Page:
• 85 9
 still better than an Ellsworth
  • 24 60
flag Zimmer68 (Feb 15, 2016 at 11:21) (Below Threshold)
 Still better than a session
  • 41 4
 haha neg props, love em. P.S. The session is an awesome bike, lighten up.
  • 9 1
 The only bad press is no press...
  • 39 0
 This is actually Mondraker's new test rig for their new "Forwarder Geometry".
  • 3 0
 That's the future.
  • 3 0
 Gotta love the Brits.
  • 1 0
 No kidding
  • 77 0
 I think he forgot only one thing, the place to fit a bottle cage.
  • 10 0
 it s not like there's not the space ^^
  • 18 0
 or a SWAT "burrito" door...
  • 5 2
 or a weed hidden cage...
  • 48 0
 Well its Monday... everything is possible.
  • 13 3
 Looks like someone's got a case of the mondays!

*Immediately punched in the face*
  • 15 0
 What do you think comes after Sunday? Sunday Jr.?
  • 7 1
 I'd rather have that than bright orange shoes!
  • 6 1
 Frankenbike. "Please.... kill..... me....."
  • 4 0
 @bigtim "Every moment I live... Is Agony...."
  • 29 2
 Awesome content Pinkbike, keep it up!
  • 9 0
 yeah, love this stuff. Let's see pics of all the other bikes in this "race"!
  • 23 1
 Totally want to see more on this (like how the brakes work) and the other bikes that were built for the Hack Bike Derby!
  • 14 0
 This looks like a bike for Burning Man.
  • 12 0
 Mad respect to anyone who builds their own ride. From a pile of tubing to the race track is what its all about.
  • 9 0
 Pretty cool! The linkage steering is pretty neat. It allows you to make wheel base and reach independent of head angle. So you could make a bike with a 90 degree head angle (and negative fork offset), that has no wheel flop and much less fork crossloading, but still a long wheelbase. I've been wondering for a while how such a bike would ride.
  • 5 0
 Nail-head. Spot on! Smile
  • 2 1
 would understeer like a bitch above 5km/h I'd imagine.
  • 11 0
 Messing around with bikes. That's what it's all about
  • 9 2
 LOL I'm currently mig welding a steel MTB frame. I'm using thin walled tube though and a technique I call farmer tig. Just a series of short but HOT tacks real close together. You get better heat control vs running a solid bead and the finished product sorta resembles a tig weld or a nice braise.
  • 7 0
 AKA ... Muffler welding
  • 4 0
 Or stitch welding
  • 1 1
 i didn't know that chromoly steel could be joined with MIG? or did you use mild steel DOM?
  • 2 0
 @reallybigmantis chromoly steel is still steel and just like mild steel DOM tubing any steel filler will join them safely (er70s-6, ER70S-3, stainless 208, 309, etc. etc.). Also MIG welding is just another way to weld, vs TIG, ARC, etc. you can switch out the wire, gas, polarity (AC to DC with the proper machine) and weld pretty much everything with a MIG you wanted (granted somethings like aluminum you may need a spool gun for). TIG, ARC, and oxy-acetylene all have their advantages but all machines you can get it done if you are crafty/skilled enough.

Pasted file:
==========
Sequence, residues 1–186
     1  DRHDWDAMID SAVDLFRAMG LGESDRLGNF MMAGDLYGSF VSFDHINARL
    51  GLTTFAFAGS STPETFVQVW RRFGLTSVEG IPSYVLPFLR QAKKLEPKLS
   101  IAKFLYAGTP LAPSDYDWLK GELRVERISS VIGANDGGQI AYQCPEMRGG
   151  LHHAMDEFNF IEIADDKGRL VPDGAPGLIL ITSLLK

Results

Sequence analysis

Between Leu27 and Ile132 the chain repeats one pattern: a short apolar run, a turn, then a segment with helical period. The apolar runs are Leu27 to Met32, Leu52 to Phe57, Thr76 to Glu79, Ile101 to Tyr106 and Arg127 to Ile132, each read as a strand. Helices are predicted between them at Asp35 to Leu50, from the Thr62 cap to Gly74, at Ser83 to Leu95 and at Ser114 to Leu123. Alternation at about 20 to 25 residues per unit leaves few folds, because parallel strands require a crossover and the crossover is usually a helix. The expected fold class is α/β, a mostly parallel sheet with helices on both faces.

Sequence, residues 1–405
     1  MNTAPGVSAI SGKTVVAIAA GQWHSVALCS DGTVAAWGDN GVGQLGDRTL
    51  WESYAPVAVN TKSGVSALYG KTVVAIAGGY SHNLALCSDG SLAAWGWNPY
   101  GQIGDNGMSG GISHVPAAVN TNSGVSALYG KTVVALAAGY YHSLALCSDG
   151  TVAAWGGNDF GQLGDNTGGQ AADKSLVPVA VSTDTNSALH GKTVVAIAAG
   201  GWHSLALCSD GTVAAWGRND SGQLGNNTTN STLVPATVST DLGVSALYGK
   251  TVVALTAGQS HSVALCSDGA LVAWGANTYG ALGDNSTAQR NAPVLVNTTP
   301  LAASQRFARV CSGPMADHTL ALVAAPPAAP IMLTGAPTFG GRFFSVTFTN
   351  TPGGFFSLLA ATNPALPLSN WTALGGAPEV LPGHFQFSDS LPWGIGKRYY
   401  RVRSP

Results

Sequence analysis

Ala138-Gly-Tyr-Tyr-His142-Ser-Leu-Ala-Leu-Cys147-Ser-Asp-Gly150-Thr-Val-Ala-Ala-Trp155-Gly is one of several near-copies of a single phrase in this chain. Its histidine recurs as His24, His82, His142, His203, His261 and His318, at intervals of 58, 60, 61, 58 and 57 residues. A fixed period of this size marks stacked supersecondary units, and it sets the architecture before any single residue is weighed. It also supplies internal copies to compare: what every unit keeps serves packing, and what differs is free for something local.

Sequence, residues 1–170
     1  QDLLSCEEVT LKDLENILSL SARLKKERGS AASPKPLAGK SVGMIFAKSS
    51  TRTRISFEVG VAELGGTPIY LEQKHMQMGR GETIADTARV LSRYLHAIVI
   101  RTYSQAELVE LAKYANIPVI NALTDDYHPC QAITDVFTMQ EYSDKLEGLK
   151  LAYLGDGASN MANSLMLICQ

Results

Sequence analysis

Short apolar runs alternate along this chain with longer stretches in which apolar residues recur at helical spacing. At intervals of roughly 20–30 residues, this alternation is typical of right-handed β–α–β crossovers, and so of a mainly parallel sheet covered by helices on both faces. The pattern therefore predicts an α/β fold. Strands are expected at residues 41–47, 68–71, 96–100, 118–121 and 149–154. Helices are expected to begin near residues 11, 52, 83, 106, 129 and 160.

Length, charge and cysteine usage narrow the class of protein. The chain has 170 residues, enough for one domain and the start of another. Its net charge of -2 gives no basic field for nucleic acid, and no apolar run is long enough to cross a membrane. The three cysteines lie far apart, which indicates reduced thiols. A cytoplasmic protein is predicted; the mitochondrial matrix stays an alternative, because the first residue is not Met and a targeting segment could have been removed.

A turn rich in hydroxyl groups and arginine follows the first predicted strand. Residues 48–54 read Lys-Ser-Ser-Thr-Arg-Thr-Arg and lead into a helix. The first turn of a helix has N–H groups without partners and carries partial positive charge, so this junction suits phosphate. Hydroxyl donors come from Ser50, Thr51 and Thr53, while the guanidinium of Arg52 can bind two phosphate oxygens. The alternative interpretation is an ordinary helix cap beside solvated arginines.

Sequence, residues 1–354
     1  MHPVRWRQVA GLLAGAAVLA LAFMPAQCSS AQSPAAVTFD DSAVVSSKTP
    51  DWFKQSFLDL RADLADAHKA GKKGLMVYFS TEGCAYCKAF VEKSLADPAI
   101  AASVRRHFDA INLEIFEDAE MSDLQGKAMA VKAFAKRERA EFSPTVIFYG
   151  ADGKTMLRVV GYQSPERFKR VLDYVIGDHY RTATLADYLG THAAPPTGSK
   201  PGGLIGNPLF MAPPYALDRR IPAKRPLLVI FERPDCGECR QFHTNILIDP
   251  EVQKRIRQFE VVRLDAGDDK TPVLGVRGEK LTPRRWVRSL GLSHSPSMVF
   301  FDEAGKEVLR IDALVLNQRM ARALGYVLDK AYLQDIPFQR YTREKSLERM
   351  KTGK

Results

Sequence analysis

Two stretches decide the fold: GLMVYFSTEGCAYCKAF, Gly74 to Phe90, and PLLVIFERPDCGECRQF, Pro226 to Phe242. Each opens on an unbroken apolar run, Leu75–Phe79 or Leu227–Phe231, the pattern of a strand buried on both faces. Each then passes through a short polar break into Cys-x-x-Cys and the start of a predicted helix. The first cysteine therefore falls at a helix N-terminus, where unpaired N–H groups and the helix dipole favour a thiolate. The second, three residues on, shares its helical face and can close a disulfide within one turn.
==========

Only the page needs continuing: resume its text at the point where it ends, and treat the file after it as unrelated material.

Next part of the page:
• 1 0
 @reallybigmantis What @only1mikey said really... Also this frame is mainly mild steel ERW (welded/seamed) tube. Smile
  • 11 0
 Agricycle! Looks like a prop from Mad Max
  • 8 0
 oh man wish I had any engineering skills..let alone these skills
  • 8 0
 That was fantastic. Good work and sense of humor.
  • 8 0
 haha yes Tam 51lbs of man bike
  • 4 0
 ...is about what all our Freeride/DH bikes weighed 10-15yrs ago..I don't miss that!
  • 7 0
 awesome !!
  • 5 0
 Love the 2cV. I drove one all through high school. Get a lot of crazy looks in rural Ontario in the 80's.
  • 5 0
 Pretty badass! Could use a cattle-guard though.
  • 2 0
 more detailed article please. Would love to be a bike builder for events like these! I assume it will rust into oblivion, sadly
  • 2 1
 I'm curious what most riders consider "extreme" geometry besides the GeoMetron. My size large bike has a 1218 wheelbase and 475 reach.
  • 2 0
 I think for most riders a trail bike with a wheelbase over 1200mm and a head angle slacker than 66º is extreme. For me extreme geometrey aka awesome geometry would be GeoMetron and Pole bike geometry eg head angle 62-63.5º for a trail bike with 1300mm or more wheelbase. Reach of at least 480mm.
  • 2 0
 For me 'extreme' would be pretty much what @SintraFreeride has said. But what I think a trail bike should actually look like is 64-65° HA, ~1200 WB, 440mm chainstays, 450mm reach - on a medium that is. Oh and the all important seat angle about 76°. Still extreme in comparison to most of what's out there but we're getting there slowly.